Cambridge engineers moot 'silent' plane
A research group at the University of Cambridge is working on a radical new aircraft design it says could eventually reduce the noise pollution in areas around airports to virtually nil.
The silent aircraft initiative, a joint research project between Cambridge and MIT, began in 2003. The stated aim of the group is "to discover ways to reduce aircraft noise dramatically, to the point where it would be virtually unnoticeable to people outside the airport perimeter".
The BBC reports that the UK's Luton airport is now planning to partner with the group in actually building the jet some time in the next ten years.
While most of the noise from planes is caused by their engines, the physical design can also make a huge difference. For example, on landing, at least half the noise is due to the airframe, the researchers say. Among other things they have been looking at ways of slowing a landing plane more quietly.
A plane built to their design would be virtually inaudible once it had left the airport, they said.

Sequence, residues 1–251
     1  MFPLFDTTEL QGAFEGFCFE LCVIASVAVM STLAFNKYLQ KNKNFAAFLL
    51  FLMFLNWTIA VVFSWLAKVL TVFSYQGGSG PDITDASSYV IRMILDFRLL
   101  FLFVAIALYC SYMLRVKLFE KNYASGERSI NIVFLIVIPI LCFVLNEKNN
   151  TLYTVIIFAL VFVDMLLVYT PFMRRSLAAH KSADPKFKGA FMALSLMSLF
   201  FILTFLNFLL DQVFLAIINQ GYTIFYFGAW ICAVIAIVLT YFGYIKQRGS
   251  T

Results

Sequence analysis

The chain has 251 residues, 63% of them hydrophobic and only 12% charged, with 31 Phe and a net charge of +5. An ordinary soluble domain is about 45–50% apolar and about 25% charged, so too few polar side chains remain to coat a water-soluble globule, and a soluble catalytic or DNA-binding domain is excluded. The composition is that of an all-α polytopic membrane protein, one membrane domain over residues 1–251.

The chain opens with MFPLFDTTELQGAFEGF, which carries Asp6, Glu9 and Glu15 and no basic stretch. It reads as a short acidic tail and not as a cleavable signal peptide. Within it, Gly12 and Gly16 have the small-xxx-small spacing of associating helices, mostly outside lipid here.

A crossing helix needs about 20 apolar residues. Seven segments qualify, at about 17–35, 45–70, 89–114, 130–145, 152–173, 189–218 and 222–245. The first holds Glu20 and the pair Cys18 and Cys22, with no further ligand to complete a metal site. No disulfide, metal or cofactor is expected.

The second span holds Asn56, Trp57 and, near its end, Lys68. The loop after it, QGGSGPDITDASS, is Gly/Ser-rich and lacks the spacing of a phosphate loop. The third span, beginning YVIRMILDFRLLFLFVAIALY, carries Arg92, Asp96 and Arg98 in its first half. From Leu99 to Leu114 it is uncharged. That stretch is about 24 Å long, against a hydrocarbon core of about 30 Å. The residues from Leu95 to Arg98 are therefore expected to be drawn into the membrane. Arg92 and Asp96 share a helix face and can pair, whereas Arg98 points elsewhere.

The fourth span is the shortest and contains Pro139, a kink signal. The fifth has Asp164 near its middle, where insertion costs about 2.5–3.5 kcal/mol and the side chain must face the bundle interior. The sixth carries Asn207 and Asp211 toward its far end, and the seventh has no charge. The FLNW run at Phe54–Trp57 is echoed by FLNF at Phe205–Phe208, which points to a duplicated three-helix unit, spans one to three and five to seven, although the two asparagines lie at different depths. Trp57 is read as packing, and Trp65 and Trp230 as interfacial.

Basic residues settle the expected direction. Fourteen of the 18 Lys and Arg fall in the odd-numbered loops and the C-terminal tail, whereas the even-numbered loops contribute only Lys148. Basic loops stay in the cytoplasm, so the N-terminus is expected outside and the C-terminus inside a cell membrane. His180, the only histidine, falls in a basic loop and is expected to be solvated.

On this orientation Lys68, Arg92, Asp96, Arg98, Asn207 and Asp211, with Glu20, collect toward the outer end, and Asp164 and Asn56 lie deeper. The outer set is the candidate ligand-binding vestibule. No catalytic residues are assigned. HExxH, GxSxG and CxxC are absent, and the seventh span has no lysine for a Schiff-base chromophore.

The design is a departure from the traditional cigar shaped plane we are all familiar with. Instead it is essentially a flying wing, with its engines mounted on top of the plane, to direct noise away from the ground. This also reduces the mount of drag they contribute to the plane in flight.
Work is still needed on the design - a plane like the one illustrated, for example, would suffer from too-high loads on the fan blades that bring air into the engines. Engineers are still working on that problem, but have already worked out a variable geometry exhaust system that reduces the impact of a large exhaust area on weight and fuel efficiency.
The researchers expect their design to be completed in the next 12 months, the BBC says, and with Luton's backing, to have a test vehicle built within the next ten years. ®
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